It was just like any other dreary freezing Friday morning in our house at the end of January 2008, alarm went off at 6.30am, showered, woke children for school, had breakfast, called my husband to get up, (and I was thinking about the weekend ahead) until he said that he wasn’t getting up and was going to stay in bed all day, could I phone his work and tell them he would not be in.  I asked him what was the matter, he mumbled “not feeling good” “do you need a doctor” no answer…

I had only arrived into work when I had noticed 5 missed calls on my mobile from my husband, something must be wrong!!!  Panic had set it!! I phoned him back but he was very distressed, emotional, and agitated and not making much sense he was saying he loved me and that he was going to kill himself  - what was he talking about…

…We phoned our GP who arrived shortly and assessed him prescribed a sedative to calm him down and arranged for an assessment to be carried out at Lagan Valley Hospital Psychiatric Unit the following week.

The illness

My husband had a psychotic / mental breakdown and was admitted to LVH Psychiatric Unit.  I remember looking at the fear in his face, intense sadness, the withdrawn look, and no interest in anything.  We were all emotionally and physically drained having meetings with nursing, medical professionals and social workers, trying to support him in any way possible.  It all seemed unreal how could this have happened to him to us.  We spent all of our days in Lagan Valley Hospital and that is where I met Brenda.  I remember vividly at visiting time the lady going round and speaking with patients and relatives and then she came to us.  She introduced herself as Brenda McFall “Carers Advocate” from CAUSE a Support Group for people caring for someone with a serious mental illness. She chatted to us for awhile and told me a little about the Group and left her card with us, surely I would not need this Group, and my husband would only be here for a few days, get medication, and would be on his feet in no time, be back at work, how wrong could I have been!!  That’s what I thought 14 weeks later and still an inpatient.  This was the start of a long battle with mental illness, our nightmare had begun and our worlds had fallen apart - mine 5 children, 2 grandchildren and the family circle.

As my husband could no longer work all of this had a dramatic impact on our finances and I needed to get back to work for my own sanity as well as financially but was worried about going back, questions that I kept asking myself - will I be able to work now, what was going to happen to him and who would be there to look after him while I was at work.

The strain and worry of this was impacting on my own mental health, I was at my wits end didn’t know what to do, who to talk to and saw Brenda’s card from CAUSE (what a God send).  I rang her office, and fifteen minutes later there I was sitting in her office with a cup of tea and a box of hankies pouring my heart out to her.  What a relief, someone who listened to me, understood me, supported me and knew what I was going through.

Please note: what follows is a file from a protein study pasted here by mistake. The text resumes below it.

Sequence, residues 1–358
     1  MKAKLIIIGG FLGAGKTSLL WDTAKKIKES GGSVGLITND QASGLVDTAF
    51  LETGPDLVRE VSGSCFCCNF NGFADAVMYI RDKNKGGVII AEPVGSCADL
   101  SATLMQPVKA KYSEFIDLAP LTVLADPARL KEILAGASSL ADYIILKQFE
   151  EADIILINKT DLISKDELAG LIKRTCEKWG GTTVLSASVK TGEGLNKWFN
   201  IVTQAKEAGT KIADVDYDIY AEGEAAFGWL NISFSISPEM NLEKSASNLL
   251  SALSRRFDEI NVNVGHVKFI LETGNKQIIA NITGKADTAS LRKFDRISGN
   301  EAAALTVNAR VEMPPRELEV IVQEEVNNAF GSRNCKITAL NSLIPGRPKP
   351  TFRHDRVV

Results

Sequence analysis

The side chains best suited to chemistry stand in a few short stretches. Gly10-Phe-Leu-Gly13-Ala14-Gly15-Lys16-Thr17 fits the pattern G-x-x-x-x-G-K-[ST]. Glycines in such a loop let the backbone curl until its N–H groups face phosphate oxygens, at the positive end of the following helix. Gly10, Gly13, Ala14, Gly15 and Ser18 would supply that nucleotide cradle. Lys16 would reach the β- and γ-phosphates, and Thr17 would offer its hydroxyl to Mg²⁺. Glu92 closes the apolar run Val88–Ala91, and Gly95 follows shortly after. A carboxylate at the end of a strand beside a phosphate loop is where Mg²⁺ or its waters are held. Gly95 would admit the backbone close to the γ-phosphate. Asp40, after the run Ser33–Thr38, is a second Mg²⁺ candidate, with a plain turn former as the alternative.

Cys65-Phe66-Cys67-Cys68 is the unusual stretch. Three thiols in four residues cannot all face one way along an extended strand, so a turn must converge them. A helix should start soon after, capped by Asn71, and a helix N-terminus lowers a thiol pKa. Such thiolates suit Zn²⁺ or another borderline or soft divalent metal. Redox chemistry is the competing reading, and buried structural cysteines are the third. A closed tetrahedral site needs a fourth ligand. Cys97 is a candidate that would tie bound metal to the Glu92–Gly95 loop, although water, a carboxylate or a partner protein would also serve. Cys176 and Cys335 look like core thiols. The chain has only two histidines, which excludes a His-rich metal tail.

Supporting someone with mental health illness can be a challenging experience that pushes you along unexpected avenues.  I never expected to feel grief and loss and yet I did. 

Throughout the past years, several things come to mind that have given me the strength to carry on caring for my husband through his journey:-

  1. the love I have for him
  2. the strength, love, and support of our 5 children and the impact their father’s illness has had on them
  3. CAUSE, its support group and respite events which has given me the chance to meet other carers / and friends in similar positions as my own and to feel we are not alone

One in four people are expected to experience a mental health problem in their lives and yet stigma and discrimination are still very common.  If I could change anything on mental health it would be people’s perceptions on mental health.  We have lost friends (good ones at that) due to the lack of understanding people have on the taboo subject.

February 2014 can’t believe this is happening again a psychotic relapse admitted to hospital and detained for his own safety and that of others, this was a very frightening episode and we didn’t know what his plan was and he didn’t know either. 

Even though we have been through this before and living with his mental illness for the past 7 years it was just like starting a new journey again hospitals, day hospitals, social workers, psychiatrists, CPN’s, medication.  You don’t ever get used to this even though I felt that I should, nothing prepares you for this but I know with the support of our children, family and friends and CAUSE we would get through this again!!!

Now for the past 7 years I have been involved with CAUSE in many different ways such as the Carers Support Group and more recently enjoyed the fun of fundraising.  The support within this group has helped me recognise and value myself as a carer.  I have gained confidence and support which is needed in a carer’s role and also a knowledge and understanding of mental health.

Thank you for listening to my story and thank you CAUSE.

Nora – a Lisburn carer